Keflavík NAS

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The period 1960-61 saw several changes in the structure of the Iceland Defense Force. All Army units returned to the United States in March
1960, as a result of the implementation of new concepts in rapid deployment by air, thus making the stationing of ground forces in Iceland unnecessary. The Iceland Air Defense Force was redesignated Air Forces Iceland on January 1, 1960.

In 1955, Barrier Force, Atlantic had been established in Argentia, Newfoundland, flying radar early-warning missions using the WV-2 (EC-121) "Warning Star" aircraft in the North Atlantic from 1957. These aircraft made frequent deployments to Keflavík.

On July 1, 1961, Commander Barrier Force, Atlantic moved from Argentia to Keflavík and, as a result -- for better logistical and operational control together with the increased emphasis on maritime strategy in the region -- the Navy relieved the Air Force as host military service in Iceland and Naval Station Keflavík was established. The duties of Commander, Iceland Defense Force were assumed by the rear admiral commanding Barrier Force Atlantic.

The 1960s saw considerable increase in Soviet military activity in the Iceland area. With the conversion of the 57th FIS from F-89D "Scorpion" to F-102A "Delta Dagger" aircraft in 1962, interceptions of Soviet military aircraft within Iceland's Military Air Defense Identification Zone (MADIZ) became frequent.

The two radar sites in northwest and northeast Iceland
were closed in 1960 and 1961 because they were too difficult to maintain and the Barrier Force Atlantic was deactivated in 1965. Thus, as Soviet penetrations of the Iceland MADIZ showed a marked increase in 1968, a permanent deployment of Air Force EC-121 "Warning Star" New-3.jpg (18014 bytes)early warning aircraft from the 551st AEW&C Wing, Otis Air Force Base, was established at Keflavík. In September 1978, this mission was assumed by the new Boeing E-3A "Sentry" Airborne Warning and Control System (AWACS) aircraft.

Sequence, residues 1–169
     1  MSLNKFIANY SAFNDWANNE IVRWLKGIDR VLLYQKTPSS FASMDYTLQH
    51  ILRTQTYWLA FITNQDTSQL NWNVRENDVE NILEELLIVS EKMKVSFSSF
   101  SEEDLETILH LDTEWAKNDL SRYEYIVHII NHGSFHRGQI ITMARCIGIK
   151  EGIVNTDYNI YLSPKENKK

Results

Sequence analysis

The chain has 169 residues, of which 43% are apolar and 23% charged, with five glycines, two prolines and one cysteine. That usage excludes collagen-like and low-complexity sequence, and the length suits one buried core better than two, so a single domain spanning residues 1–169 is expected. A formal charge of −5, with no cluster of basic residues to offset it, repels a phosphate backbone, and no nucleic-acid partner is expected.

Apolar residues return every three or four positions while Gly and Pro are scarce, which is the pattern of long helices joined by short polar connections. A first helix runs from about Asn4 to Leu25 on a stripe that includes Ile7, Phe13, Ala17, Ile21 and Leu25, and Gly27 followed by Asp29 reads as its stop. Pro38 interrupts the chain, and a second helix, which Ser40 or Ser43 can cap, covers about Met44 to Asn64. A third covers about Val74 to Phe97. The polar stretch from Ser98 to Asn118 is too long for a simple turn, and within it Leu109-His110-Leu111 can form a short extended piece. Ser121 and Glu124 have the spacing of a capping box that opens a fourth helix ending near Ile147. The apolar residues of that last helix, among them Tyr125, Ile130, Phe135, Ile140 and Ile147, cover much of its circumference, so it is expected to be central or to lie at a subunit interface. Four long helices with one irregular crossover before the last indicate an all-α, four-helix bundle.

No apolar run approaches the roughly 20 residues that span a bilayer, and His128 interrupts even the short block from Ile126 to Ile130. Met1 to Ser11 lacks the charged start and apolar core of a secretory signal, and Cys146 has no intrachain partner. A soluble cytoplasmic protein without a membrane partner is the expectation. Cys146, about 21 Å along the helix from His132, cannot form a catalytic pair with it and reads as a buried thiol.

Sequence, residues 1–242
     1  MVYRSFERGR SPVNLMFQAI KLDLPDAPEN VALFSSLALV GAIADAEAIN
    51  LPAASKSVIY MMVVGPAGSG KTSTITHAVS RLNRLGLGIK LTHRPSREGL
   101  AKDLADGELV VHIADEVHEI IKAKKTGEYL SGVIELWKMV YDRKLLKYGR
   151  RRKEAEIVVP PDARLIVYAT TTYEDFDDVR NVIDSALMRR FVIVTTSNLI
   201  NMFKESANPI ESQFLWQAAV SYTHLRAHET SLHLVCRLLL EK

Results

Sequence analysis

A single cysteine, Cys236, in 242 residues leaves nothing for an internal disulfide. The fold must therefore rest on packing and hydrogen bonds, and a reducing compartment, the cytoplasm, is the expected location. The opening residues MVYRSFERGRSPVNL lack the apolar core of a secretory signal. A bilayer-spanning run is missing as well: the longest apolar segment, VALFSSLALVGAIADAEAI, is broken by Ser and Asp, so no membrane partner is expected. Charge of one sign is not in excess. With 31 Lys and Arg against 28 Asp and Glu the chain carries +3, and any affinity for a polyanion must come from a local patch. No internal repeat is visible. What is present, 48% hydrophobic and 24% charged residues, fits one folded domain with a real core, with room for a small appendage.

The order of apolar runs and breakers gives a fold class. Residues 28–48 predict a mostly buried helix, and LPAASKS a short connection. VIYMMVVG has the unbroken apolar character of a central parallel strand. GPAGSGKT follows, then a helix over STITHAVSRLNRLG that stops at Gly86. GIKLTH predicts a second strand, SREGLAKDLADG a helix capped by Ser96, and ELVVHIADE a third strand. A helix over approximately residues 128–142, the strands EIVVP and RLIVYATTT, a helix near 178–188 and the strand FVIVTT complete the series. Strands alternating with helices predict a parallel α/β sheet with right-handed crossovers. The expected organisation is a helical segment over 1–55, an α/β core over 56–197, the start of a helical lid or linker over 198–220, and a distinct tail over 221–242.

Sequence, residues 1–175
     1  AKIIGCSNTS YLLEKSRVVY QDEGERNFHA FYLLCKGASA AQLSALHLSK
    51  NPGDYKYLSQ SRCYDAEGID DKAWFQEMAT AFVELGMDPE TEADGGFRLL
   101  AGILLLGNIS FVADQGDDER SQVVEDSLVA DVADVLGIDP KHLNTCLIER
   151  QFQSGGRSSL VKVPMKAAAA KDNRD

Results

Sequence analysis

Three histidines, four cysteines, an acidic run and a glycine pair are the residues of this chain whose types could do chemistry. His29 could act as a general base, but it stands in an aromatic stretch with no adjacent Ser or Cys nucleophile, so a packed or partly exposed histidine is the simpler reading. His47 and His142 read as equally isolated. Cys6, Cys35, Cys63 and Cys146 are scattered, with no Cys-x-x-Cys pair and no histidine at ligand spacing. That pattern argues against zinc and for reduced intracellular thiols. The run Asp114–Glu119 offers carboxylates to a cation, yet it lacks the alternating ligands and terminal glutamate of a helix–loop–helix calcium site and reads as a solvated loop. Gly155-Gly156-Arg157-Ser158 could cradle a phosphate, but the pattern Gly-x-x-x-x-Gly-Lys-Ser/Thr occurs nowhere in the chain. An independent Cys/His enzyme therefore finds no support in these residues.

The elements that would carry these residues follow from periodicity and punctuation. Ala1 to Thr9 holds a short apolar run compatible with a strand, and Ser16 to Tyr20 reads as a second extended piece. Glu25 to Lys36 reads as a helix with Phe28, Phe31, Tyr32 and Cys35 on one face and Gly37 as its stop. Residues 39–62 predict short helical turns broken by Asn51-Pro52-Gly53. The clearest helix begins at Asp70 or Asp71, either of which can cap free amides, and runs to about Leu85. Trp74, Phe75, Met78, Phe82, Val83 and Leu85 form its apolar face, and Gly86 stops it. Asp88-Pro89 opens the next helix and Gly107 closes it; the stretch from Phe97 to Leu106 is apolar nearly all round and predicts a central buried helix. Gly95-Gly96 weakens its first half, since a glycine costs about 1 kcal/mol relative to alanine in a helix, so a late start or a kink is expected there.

This was their first operational deployment outside the United States. The F-102A aircraft of the 57th FIS were replaced by F-4C "Phantom II" aircraft in 1973 which, in turn, were relieved by the F-4E model in 1978. The current McDonnell Douglas F-15C/D "Eagle" aircraft took over the intercept role in 1985.

new-4.jpg (188839 bytes)Naval aviation has always played a large role in the operation at Keflavík, especially with regard to the enormous build-up of the Soviet Navy. Deployment of patrol squadron detachments, and later entire squadrons, started as early as 1951, with the P-2 "Neptune" maritime patrol aircraft succeeded by the Lockheed P-3 "Orion" in the mid-1960s. Fleet Air, Keflavík was established at the deactivation of Barrier Force Atlantic for command of naval operations in Iceland.

Upon the arrival of the Defense Force in Iceland in 1951, housing and support facilities were quite limited. At the peak of the Second World War, thousands of troops were stationed at Keflavík in temporary Quonset huts camps. During 1947-51, while the base was operated by a U. S. civilian contractor company (Lockheed Aircraft Overseas Service) as an international airport, most of these temporary structures were salvaged or badly deteriorated.